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How to Answer the Tough Questions

Your heart is pounding as the interviewer pelts you with questions and hypothetical conundrums. We asked security pros what was the best and toughest interview question they've ever answered.

Read on to prepare yourself before your next big interview.

What accomplishments are you most proud of, both in business and personally, and why?
Suzanne Hall, director of IT operations for AARP, suggests that all interviewees be ready. "Sometimes people just aren't prepared when you ask this question, which surprises me," she says.

How well do you think you'll fit in with this company?
James Christiansen, CISO of Experian, warns not to let a question of culture knock you sideways. He says that the toughest question is one where "the answer to the question is directly related to the culture of the company, which you don't yet know."

Please give an example of a project that did not go as well as expected.
Says LJ Johnson, CISO of Nike, "People think it's a trick question when they're asked about failures, but what you want to know is what they learned from the experience."

Will you be willing to travel?
"Who wants to be away from the family?" says Don Ainslie, global security officer for Deloitte & Touche. "[Travel] is a balancing act I struggle with." Know the answer before you go in to help make the decision easier.

Why do you want to work for this company?
Rebecca Norlander, general manager of Microsoft's Security Technology Unit, recalls the epiphany she had when asked this question: "I realized that, actually, I didn't.... Start by being true to yourself. Don't compromise your own moral compass--you have to live with yourself your whole life."

Why are you the best person for the job?
"There are many qualified and great people that come to the table for roles in security and business at large," says Adrienne L. Hall, senior director of Microsoft's Trustworthy Computing. "You need to be clear on what you bring to the position that no one else does."

How can you help this organization?
Debby Fry Wilson, director of security engineering and communications for Microsoft's Security Technology Unit, suggests that you do your homework. "A candidate who is well prepared and genuinely seems to understand the challenges of my organization and can articulate how he or she will help advance our strategy is ideal."

--Compiled By Amber Plante from interviews by Michael S. Mimoso, Marcia Savage & Anne Saita

In my experience, I have collected some of the requirements that are associated with all senior information security positions:

Vision: When a company is looking for an information security leader, often it will be for the first time: Management wants someone who can lay out the corporate blueprint for all its future security plans. Having a clear plan on the role the information security team should play as it relates to the core business practices of the company is key. In most cases, companies will search for someone who has successfully implemented a vision at another company, or who has witnessed the successful implementation of a security program in a company within the same industry.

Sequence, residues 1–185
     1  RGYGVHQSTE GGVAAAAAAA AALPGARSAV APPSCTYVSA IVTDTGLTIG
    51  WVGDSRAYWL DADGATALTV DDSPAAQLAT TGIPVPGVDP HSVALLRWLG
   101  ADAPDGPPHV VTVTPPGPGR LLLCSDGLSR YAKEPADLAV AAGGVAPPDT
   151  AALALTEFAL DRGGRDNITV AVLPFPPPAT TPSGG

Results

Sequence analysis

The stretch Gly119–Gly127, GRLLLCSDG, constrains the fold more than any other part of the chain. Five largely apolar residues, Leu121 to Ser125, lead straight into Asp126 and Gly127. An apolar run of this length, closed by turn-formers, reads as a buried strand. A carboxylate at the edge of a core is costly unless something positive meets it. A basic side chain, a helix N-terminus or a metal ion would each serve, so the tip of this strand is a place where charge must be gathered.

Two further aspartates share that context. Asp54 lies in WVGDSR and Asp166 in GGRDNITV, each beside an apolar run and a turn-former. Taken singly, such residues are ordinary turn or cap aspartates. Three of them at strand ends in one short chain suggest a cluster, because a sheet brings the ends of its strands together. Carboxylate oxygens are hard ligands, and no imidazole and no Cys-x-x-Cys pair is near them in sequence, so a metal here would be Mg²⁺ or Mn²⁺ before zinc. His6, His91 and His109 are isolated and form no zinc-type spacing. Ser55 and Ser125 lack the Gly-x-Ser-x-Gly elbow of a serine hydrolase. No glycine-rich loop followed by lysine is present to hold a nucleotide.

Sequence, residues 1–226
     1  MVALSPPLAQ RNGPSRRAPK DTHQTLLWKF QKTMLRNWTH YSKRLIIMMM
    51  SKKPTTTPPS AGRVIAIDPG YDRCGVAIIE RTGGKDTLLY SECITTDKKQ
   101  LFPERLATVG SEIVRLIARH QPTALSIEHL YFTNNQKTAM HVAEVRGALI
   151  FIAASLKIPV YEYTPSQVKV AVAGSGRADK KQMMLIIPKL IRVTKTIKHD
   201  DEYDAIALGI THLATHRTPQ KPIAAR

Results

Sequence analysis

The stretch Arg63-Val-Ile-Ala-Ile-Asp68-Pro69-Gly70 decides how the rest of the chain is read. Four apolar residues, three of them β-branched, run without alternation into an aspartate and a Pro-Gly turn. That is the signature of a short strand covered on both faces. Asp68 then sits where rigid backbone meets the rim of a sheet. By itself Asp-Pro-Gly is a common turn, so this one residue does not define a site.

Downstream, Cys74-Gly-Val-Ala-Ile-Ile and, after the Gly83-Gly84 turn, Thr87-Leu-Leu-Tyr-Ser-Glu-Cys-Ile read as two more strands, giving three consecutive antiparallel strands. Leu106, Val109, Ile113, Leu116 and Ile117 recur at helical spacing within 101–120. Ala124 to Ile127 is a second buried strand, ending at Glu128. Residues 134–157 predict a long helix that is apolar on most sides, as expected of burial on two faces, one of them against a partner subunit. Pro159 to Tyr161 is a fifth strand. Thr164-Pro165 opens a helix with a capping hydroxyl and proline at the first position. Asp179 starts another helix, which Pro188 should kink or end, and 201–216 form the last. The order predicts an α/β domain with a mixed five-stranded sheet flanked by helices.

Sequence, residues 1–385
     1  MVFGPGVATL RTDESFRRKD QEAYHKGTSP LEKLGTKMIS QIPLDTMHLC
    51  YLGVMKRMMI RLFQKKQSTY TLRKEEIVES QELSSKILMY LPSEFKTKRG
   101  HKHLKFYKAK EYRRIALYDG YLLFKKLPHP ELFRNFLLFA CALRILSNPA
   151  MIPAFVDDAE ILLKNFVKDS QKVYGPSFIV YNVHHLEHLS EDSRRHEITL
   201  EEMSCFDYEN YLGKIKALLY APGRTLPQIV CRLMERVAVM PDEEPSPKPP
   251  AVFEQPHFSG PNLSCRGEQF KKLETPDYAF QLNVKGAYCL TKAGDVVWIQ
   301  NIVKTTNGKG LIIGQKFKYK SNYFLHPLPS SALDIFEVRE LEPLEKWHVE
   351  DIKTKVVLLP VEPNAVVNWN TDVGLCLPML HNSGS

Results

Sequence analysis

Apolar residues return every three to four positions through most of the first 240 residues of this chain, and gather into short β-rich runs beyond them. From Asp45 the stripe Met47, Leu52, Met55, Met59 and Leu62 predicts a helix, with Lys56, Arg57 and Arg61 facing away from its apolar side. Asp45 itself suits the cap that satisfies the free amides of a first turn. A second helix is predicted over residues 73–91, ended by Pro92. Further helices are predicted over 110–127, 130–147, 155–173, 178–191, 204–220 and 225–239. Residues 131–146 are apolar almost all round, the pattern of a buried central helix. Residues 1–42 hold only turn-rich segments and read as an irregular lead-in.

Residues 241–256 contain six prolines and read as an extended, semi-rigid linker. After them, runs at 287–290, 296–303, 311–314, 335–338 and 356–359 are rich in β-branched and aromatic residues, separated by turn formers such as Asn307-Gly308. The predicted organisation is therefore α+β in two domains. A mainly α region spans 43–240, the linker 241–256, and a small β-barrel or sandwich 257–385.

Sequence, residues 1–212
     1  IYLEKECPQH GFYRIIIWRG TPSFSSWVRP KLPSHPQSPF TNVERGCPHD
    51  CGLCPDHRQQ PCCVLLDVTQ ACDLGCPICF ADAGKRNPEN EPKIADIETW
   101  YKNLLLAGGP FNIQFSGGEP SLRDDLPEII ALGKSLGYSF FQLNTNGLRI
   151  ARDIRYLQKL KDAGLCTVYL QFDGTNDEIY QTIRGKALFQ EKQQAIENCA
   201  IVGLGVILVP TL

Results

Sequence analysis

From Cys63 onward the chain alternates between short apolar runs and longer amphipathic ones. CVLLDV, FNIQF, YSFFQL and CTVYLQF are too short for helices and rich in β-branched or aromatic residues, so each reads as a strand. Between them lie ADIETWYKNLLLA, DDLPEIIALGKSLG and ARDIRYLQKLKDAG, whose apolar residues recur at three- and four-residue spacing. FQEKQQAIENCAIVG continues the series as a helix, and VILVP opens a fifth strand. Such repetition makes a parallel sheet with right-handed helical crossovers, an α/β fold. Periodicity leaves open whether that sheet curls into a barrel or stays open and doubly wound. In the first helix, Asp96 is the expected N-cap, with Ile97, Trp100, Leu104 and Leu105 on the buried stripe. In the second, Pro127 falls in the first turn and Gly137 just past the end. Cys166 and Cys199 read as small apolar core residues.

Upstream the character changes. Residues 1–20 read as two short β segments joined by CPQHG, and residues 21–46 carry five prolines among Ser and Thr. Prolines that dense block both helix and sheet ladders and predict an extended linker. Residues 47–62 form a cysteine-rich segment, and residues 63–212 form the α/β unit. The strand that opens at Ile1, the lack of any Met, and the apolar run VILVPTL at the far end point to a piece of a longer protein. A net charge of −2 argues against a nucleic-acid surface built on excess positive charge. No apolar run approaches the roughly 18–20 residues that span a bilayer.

Range of information security knowledge: It may sound obvious, but companies look to their information security leader for the answers to all of their information security-related problems. Regardless of whether the issues are technical, personnel, procedural or regulatory, the CISO is expected to address all of these angles. Businesses want people who have developed an excellent foundation within the information security industry and who have illustrated the ability to solve information security-related problems. In addition, when organizations are hiring a CISO, they are traditionally searching for someone who can address the current issues facing the organization and see future ones before they cause problems.

Communication: Communication is not only the hardest skill to measure, but also the most critical to have. CISOs serve many different constituencies within an organization, and they are asked to communicate at different levels and to people with different degrees of technical skill; they have to effectively express ideas up and down the management chain. Successful CISOs are those who've earned the respect of the people leading the technical functions and can translate the advantages of security controls to business unit leaders.

During the interview process, it is common for a potential CISO to be interviewed by a number of people representing different functions within the organization. In these meetings, it is essential that the candidate develop a consensus and establish a good feeling of collaboration. If this interaction is successful, it will serve as a solid predictor of the CISO's ability to understand the complex needs of all constituents.

This was first published in July 2006

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